This Initiative supports the adoption of exemplary practices related to the delivery and organization of services for AI/AN youth with serious emotional and substance abuse problems. Applicants must identify an exemplary practice specific to the needs of the AI/AN youth, and demonstrate the involvement of the tribal leadership, as well as education; law enforcement; and substance abuse, health, social services, and mental health entities in the community. Examples of an exemplary practice include: wrap-around, multi-systemic treatment, or case management services to improve access to services, increase family voice in the system of care, and reduce institutional placements; mentoring programs; culturally specific programs to restore rites of passage and intergenerational support; and gathering of Native American programs to convene youth serving programs; and peer counseling programs.
This program is described in the Catalog of Federal Domestic Assistance under #93.230. Deadline date for receipt of applications is May 10, 2000.
For information regarding the SAMHSA program, contact Jill Shepard Erickson, MSW Public Health Advisor, Child, Adolescent and Family Branch, Center for Mental Health Services, Substance Abuse and Mental Health Services Administration, Suite 11 C-16, Parklawn Building, 5600 Fishers Ln., Rm. 6A-54, Rockville, MD 20857, (301) 443-1333, Fax: (301) 443-3693, e-mail:email@example.com
B. DOJ Agencies Providing Grant Funding for the Initiative are: the COPS and the OJJDP
The COPS announces the availability of $1.5 million for the Mental Health and Community Safety Initiative for AI/AN Children, Youth and Families. Grants will be awarded for salaries and benefits for new police officers, as well as law enforcement training and equipment, including technology and vehicles, for new and existing police officers. It is expected that resources Start Printed Page 26843funded under this program (officer positions, equipment and/or training) will be used to meet the mental health, behavioral, and substance abuse needs for Native American youth and their families and provide a range of youth support services and programs both in the community and in the school arena. Sworn police officers may be deployed as Community Resource Officers or as School Resource Officers to engage in community policing activities. Salaries and benefits cover a 3-year period. A 25% local match requirement may be waived on the basis of demonstrated fiscal distress. All applicants must submit a written plan to retain their COPS-funded officer positions after Federal funding has ended.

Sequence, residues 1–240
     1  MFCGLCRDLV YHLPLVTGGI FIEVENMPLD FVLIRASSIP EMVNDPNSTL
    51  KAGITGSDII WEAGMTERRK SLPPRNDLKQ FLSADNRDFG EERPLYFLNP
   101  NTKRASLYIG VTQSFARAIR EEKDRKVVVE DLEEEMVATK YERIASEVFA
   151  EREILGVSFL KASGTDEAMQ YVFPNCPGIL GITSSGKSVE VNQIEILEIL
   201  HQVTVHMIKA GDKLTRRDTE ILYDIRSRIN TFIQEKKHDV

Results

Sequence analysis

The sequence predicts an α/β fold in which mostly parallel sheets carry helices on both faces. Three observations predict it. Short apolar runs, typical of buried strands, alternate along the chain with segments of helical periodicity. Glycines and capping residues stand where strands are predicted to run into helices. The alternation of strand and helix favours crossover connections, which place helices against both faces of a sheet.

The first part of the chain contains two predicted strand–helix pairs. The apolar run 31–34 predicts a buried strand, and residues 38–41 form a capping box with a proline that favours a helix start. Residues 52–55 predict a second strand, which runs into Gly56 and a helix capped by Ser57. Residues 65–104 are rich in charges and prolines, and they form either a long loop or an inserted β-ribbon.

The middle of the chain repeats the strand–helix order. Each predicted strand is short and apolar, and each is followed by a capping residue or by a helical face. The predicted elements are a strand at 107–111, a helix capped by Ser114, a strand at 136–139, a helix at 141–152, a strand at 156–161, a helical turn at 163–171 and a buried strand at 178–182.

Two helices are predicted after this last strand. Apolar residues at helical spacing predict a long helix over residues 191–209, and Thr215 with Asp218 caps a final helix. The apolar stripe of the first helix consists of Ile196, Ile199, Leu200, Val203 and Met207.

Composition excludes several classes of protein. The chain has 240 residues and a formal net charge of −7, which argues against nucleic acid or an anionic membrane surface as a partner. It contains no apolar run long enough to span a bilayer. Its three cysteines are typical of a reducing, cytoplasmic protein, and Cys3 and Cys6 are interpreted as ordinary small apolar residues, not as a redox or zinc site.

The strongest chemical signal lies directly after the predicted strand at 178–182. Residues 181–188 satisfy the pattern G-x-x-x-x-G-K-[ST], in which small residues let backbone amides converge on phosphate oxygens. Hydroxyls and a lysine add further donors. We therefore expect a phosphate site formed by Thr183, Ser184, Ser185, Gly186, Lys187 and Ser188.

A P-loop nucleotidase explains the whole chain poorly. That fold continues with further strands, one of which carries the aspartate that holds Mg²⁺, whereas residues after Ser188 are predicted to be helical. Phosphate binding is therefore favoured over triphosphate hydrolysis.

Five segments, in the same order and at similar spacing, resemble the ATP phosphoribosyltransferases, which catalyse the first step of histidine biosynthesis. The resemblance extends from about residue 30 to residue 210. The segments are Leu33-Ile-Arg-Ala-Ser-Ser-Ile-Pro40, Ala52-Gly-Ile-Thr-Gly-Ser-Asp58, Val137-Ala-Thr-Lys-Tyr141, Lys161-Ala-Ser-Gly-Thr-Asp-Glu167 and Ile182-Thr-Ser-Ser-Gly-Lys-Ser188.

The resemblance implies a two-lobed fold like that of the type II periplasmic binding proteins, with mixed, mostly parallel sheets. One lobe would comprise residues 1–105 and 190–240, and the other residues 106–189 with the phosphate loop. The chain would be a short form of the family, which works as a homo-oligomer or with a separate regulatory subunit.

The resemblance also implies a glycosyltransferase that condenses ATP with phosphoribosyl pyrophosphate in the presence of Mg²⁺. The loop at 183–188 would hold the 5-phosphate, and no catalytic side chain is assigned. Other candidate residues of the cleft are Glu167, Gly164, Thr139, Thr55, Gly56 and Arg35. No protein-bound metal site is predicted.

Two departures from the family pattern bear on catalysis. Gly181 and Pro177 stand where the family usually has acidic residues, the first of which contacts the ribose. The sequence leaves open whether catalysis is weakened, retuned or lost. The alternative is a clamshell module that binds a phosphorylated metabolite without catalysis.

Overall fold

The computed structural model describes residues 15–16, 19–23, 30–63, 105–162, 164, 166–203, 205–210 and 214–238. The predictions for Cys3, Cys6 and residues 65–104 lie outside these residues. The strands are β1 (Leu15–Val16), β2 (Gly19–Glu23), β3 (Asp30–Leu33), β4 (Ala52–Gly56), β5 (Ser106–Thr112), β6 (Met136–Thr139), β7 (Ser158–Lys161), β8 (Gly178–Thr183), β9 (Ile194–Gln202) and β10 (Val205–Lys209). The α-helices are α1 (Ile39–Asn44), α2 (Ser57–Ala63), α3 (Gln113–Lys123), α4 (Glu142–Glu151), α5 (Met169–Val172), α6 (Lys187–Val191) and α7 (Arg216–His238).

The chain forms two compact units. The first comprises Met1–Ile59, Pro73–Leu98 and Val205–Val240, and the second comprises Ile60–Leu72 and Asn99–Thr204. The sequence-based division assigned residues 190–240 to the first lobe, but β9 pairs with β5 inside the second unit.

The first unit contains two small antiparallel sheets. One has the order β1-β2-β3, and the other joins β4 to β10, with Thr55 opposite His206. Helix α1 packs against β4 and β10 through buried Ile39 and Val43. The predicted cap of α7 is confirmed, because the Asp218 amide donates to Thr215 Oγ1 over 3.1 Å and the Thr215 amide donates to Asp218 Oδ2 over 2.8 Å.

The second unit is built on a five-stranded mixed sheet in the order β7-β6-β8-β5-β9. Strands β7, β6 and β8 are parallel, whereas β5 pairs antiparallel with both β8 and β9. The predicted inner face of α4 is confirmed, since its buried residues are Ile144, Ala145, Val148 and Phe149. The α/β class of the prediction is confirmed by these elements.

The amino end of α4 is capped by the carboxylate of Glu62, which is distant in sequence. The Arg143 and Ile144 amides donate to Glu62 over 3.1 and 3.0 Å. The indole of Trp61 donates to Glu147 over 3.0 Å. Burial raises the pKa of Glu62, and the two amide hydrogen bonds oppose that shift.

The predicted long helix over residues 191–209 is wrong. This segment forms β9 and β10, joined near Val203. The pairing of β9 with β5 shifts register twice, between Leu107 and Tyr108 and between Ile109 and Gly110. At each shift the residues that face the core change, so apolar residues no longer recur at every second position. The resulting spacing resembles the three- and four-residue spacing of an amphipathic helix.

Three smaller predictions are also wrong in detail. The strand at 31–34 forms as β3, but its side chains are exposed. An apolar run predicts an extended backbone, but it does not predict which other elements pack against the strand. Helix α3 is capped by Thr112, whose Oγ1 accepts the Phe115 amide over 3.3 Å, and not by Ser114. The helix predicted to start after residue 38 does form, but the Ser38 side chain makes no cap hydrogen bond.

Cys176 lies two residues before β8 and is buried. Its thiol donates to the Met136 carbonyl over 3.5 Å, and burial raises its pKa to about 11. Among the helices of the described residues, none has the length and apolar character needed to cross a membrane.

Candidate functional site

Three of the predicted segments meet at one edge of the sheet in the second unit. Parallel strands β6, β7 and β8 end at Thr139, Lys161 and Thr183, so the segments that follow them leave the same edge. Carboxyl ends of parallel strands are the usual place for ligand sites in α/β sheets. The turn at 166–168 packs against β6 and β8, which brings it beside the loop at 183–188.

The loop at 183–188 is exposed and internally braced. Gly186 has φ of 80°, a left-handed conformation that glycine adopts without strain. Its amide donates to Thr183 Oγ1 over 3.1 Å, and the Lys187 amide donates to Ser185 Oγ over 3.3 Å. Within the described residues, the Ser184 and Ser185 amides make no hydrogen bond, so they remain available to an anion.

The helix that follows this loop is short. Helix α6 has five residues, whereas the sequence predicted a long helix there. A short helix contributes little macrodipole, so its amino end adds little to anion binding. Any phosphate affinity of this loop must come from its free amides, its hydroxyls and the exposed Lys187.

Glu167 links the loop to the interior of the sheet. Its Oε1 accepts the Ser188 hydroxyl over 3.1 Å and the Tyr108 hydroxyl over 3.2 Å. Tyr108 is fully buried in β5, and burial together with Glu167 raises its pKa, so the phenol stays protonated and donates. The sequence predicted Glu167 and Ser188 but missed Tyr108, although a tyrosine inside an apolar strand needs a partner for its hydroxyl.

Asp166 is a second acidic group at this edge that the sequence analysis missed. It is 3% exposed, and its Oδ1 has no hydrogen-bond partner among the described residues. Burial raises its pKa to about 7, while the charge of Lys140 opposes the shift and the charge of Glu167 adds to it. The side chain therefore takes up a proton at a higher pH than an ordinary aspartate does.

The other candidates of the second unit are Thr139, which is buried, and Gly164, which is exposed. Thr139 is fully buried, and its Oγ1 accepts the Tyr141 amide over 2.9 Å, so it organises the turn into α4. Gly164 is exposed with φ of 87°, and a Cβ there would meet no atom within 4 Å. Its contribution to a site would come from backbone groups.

Grants funded under the COPS initiative will be supplemented with $50,000 provided by OESE, ED, from FY 2000 Safe and Drug-free Schools and Communities Act National Program funds. These funds will be awarded to the recipients of COPS funds under this initiative and will be used to support alcohol, tobacco, and other drug or violence prevention activities in school-based settings to be implemented by police officers supported by COPS funds.
This program is described in the Catalog of Federal Domestic Assistance under #16710. The deadline for receipt of applications is May 26, 2000.
Contact for the COPS program: June Kress, Senior Policy Analyst, Office of Community Oriented Policing Services (COPS), U.S. Department of Justice, 1100 Vermont Avenue, NW 9th Floor, Washington, DC 20530, (202) 616-2915, Fax: (202) 616-9612, e-mail: firstname.lastname@example.org.
The purpose of the Tribal Youth Program (TYP) is to support and enhance tribal efforts for comprehensive delinquency prevention and control and for juvenile justice system improvement for Native American youth. In FY 2000, $1 million of the total appropriation for the TYP has been set aside to provide mental health services to youth in Tribal and/or State juvenile justice systems. The programs or projects to be funded must provide mental health services through one or more of the following activities:
(1) Reduce, control, and prevent crime and delinquency both by and against tribal youth;
(2) Provide interventions for court-involved tribal youth;
(3) Improve tribal juvenile justice systems; and
(4) Provide prevention programs focusing on alcohol and drugs.
The description for this program is located in #16.731 in the Catalog of Federal Domestic Assistance. The deadline for receipt of applications for this TYP Mental Health Initiative is June 15, 2000.
For more information, please contact: Chyrl Andrews, Acting Tribal Youth Manager, Office of Juvenile Justice and Delinquency Prevention (OJJDP), State Relations and Assistance Division, U.S. Department of Justice, 810 Seventh Street, NW, Washington, DC 20531, 202-307-5924, Fax: (202) 307-2819, e-mail: email@example.com
Distribution of Grant Application Kits
The IHS, SAMHSA, COPS, and OJJDP are preparing a single, consolidated grant application package that will include the program announcement and application kit for each of the four grant programs described above. The consolidated application package will be distributed in early May 2000. A package will be sent directly to (1) the Tribal Chairman of every federally recognized tribe; (2) the Director of every tribal organization as defined by section 4(1) of Pub. L. 93-638, Indian Self-Determination and Education Assistance Act, as amended, and (3) the Director of every tribal health department.
To request additional application packages, please contact: Office of Juvenile Justice and Delinquency Prevention, Juvenile Justice Clearinghouse, 2277 Research Boulevard, Rockville, Maryland 20850, Reference: White House Initiative on Mental Health (Solicitation #410), Telephone: 1-800-683-8736.Start Signature
Dated: April 24, 2000.
Michel E. Lincoln,
[FR Doc. 00-11480 Filed 5-8-00; 8:45 am]
BILLING CODE 4160-16-M